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Final Cut Pro to YouTube

Learn how to get the best YouTube videos from Final Cut Pro

By Richard Harrington | May 19, 2008


What people tend to forget is that you are sending YouTube a master for them to compress; therefore, send the highest quality you can, that fits within their limitations. is well know for being the busiest video-sharing site, but unfortunately, YouTube uses the much older Sorenson Spark codec for their video encoding. This was the "improved" video format for Flash 7 but is based on the very old H.263 video conferencing codec. Even when new, this was an old, inefficient codec.

Many people send YouTube an already compressed video, and are disappointed when they see the quality that results on YouTube. That's because most of the information was first thrown away by the encode before upload, so there was little quality left to be encoded to Flash 7.

The goal is to give YouTube a master that they can use for encoding:
• YouTube has two limitations: no more than 10 minutes per video and no larger than 100 MB per video.
• YouTube converts everything that is uploaded to Flash 7 video at 320X240 (although they've started to also do 640X480 in H.264).
• Remember the good old days of VHS distribution? You wouldn't give the duplicator a VHS copy of the show to duplicate. No, you'd give them the highest quality master you could. Therefore, to get the best quality from YouTube, give them a high quality "master" that is close to 99 MB.

Here's how to pull this off:
1 Use QuickTime Pro or Final Cut Pro to exports to .mp4 with H.264 video.
2 Export as MPEG-4 with H.264 and set the size to 320X240. There is no point providing more resolution than YouTube's finished size. By going direct to that size means that you can devote bandwidth to making that master look great, instead of sending excess size that will be scaled down. The bonus is that you get to control de-interlacing and scaling.
3 From here on there are two choices: calculate the maximum data rate that will keep the file under 99 MB, or use some general purpose settings.

Thanks to Phil Hodgetts for this guest tip.


Like this tip? It comes from the book
Final Cut Studio On the Spot from Focal Press.

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Ben Ramsey: | May, 20, 2008

This info is a little outdated. YouTube has changed the compressor to H.264 and they allow files up to 1GB.

Here is some more info from YouTube

Richard Harrington: | May, 21, 2008

Not exactly….  the 1 GB is ONLY allowed if you use their batch loader application (if using the web-based form the 100 MB limit still applies).

PLUS….  you need to have a special account to do this…  and it ONLY works on Windows

the rules still apply…

As far as H.264…  we mentioned that….  they compress to both formats….  Flash for the site…  H.264 for Apple TV and iPhone delivery.

Joseph Moore: | May, 22, 2008

Actually, they are rolling out H.264 on the site, not just for Apple devices. (It’s the “high quality” option you’ll see below certain clips.) Recent versions of the Flash 9 player support H.264.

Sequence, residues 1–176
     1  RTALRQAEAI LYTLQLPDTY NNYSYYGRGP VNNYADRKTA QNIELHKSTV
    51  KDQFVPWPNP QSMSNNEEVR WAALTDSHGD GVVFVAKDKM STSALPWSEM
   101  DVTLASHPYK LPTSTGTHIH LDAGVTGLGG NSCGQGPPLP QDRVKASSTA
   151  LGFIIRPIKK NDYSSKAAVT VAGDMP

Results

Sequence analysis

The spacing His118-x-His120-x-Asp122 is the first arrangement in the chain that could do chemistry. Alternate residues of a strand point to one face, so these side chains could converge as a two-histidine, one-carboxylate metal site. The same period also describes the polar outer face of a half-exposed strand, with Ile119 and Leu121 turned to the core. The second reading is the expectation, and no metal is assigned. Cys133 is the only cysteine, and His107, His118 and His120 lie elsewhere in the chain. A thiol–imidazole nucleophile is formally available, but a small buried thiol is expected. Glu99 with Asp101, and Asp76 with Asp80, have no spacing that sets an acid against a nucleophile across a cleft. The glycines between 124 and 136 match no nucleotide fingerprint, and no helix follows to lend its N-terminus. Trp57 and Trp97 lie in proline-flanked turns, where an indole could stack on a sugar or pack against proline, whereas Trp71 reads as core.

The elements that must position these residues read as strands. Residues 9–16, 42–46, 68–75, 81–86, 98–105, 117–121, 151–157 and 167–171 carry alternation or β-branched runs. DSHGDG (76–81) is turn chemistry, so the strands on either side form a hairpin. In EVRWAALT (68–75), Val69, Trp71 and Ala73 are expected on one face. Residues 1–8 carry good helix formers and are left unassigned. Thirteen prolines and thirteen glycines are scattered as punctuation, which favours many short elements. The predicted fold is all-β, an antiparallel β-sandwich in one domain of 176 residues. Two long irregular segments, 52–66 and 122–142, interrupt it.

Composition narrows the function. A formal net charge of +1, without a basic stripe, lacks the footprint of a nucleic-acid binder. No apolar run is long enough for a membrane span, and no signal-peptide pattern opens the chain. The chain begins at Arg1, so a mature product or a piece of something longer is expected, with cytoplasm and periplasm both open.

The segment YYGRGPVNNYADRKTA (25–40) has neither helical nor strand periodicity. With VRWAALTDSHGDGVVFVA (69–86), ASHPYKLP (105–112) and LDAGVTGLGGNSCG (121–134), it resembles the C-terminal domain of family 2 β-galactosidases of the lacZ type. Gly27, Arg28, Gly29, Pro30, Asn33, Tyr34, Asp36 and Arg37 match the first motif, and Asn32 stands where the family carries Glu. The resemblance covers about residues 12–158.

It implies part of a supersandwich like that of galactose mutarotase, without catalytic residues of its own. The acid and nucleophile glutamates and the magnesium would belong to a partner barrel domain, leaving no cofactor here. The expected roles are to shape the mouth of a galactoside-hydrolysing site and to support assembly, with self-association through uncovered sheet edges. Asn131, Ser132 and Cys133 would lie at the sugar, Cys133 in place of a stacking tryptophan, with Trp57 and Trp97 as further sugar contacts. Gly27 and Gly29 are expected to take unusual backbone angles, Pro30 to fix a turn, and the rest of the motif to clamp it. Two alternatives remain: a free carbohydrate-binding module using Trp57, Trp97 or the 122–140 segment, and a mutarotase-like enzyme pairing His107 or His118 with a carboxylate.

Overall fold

Richard Harrington: | May, 22, 2008

Hence the line that says

“(although they’ve started to also do 640X480 in H.264). “

I realize all this guys…  the point of the article is that no matter HOW you encode…  YouTube RE-ENCODES…

I know this having done video or Google corporate.  Their system will not (and CANNOT) accept a video even at right specs.  Everything submitted is re-encoded.

Thats all.  Okay?

Mike Curtis: | May, 22, 2008

My understanding was that you could provide a file that fit their maximum specs and that they would NOT re-encode if you were correct codec, size, and within datarate/time/filesize limits - I thought that was the best way to go…

Richard Harrington: | May, 22, 2008


We were hired by Google directly for a multi-video project… and we asked to do JUST that….

But nope…  their system re-encodes…  even if it exactly matches their specs.

J. Smith: | May, 25, 2008

Curious that you say that you have to use the batch uploader to upload files bigger than 100Mb - I have uploaded several videos by individual web form that have been well over 300Mb a pop. On Mac OSX. I did use the batch uploader, but found that the uploads crawled down to about 20k, but individually uploading files they went at a nice fast 55k.
Either way, I’ve been doing this for the last two months. I’m required to upload a local soccer serial and I always export to MJPEGs that are a few hundred Mbs each and upload each show in two sections. At least seven hundred Mb is uploaded between the two sections, and YouTube has always let me do this, either with the batch uploader or without, and I don’t have any kind of special account (as far as I’m aware)

Richard Harrington: | May, 26, 2008

“What is the YouTube Uploader?
The YouTube Uploader is a way for you to upload video files larger than 100MB or upload many files at once. To use the Uploader, you’ll need to download our application to a Windows computer.”

Now even though it says that…  a Mac link is here for a beta version of uploader -

But it still says
“Each uploaded video is limited to 10 min and 1 GB”

Truth be told.. you can go a littlel over 10 minutes…  Longer videos have generally been.

There are a few loopholes for older accounts… director pages, etc.  But none for anyone recently.

“Your video is limited to 10 minutes and 1024 MB.”

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